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Facebook Wants to Track You for Better Ads

Photo credit: dolphfyn/Shutterstock.com
Photo credit: dolphfyn/Shutterstock.com

Over the course of last week, Facebook denizens may have gotten a notification from the social network, detailing its plans to more effectively target advertising to its users.

Specifically, it wants to take information for other activities that users do on the web, and use that in order to implement dynamic offers. It’s definitely a boon for Facebook itself, because a targeted ad draws more brand dollars than broadcast ones do. And, it clearly has privacy implications for users that don’t want their every move tracked online.

Facebook, however, put a consumer-friendly face on it.

“When we ask people about our ads, one of the top things they tell us is that they want to see ads that are more relevant to their interests,” it said in its notification to users. “Today, we learn about your interests primarily from the things you do on Facebook, such as Pages you like. Starting soon in the US, we will also include information from some of the websites and apps you use.”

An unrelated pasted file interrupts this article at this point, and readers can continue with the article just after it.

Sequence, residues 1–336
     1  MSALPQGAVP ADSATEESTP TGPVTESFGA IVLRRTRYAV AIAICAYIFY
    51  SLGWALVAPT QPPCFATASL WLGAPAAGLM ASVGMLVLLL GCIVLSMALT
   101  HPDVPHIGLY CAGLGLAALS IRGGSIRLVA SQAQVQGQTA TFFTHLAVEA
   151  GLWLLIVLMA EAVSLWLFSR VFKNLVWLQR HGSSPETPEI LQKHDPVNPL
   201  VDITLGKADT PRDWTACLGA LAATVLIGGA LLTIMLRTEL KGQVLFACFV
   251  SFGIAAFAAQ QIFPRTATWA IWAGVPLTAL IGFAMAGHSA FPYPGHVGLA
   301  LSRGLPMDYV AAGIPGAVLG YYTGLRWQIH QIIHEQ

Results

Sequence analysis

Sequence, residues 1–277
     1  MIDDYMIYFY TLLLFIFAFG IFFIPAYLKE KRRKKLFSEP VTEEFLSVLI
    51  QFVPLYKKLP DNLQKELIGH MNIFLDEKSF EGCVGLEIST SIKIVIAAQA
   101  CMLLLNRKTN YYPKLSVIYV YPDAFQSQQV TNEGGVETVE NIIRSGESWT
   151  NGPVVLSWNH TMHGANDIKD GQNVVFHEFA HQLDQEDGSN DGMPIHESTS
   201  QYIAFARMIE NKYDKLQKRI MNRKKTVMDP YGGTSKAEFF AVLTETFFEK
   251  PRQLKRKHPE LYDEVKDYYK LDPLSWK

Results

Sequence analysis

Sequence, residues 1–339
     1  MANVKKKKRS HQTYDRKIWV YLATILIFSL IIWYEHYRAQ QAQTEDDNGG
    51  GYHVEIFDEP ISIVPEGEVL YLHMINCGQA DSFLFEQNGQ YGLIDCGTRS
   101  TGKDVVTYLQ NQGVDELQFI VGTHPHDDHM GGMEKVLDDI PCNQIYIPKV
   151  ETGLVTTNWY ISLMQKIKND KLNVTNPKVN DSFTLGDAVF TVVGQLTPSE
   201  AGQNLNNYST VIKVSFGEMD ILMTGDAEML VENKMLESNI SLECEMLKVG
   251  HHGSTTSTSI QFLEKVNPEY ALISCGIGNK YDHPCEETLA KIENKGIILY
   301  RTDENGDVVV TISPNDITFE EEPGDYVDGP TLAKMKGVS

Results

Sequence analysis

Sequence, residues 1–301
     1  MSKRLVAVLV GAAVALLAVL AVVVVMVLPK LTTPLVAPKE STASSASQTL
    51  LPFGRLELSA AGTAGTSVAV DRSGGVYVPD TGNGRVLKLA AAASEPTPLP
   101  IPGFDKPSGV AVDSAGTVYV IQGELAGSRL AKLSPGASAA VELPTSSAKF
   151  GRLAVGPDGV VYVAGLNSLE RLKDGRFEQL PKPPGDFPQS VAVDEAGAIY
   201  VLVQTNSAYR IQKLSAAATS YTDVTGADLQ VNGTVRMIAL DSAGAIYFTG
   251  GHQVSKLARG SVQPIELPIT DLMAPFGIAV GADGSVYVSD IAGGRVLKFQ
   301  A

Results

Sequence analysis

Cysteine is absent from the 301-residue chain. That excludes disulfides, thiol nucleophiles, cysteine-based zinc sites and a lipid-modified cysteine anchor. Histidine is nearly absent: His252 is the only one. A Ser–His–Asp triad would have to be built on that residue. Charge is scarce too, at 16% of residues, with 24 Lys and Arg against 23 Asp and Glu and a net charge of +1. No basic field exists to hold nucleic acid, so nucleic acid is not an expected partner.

Facebook is also introducing ad preferences, a new tool accessible from every ad on Facebook that users can click on to explain why they’re seeing a specific ad. They can then add and remove interests to help control what ads they see – and to help Facebook make its targeting even more accurate for its brand partners.

In a somewhat defensive-sounding justification, it added, “This is a type of interest-based advertising, and many companies already do this.” It's correct in that – most notably Google, which has faced many a privacy group complaints over its web tracking.

Facebook laid out how it would work in its case: “Let’s say that you’re thinking about buying a new TV, and you start researching TVs on the web and in mobile apps. We may show you ads for deals on a TV to help you get the best price or other brands to consider. And because we think you’re interested in electronics, we may show you ads for other electronics in the future, like speakers or a game console to go with your new TV.”

Of course, one person’s concierge service is another person’s creepy stalker, so thankfully there will be an opt-out function using the industry-standard Digital Advertising Alliance rubric for that.

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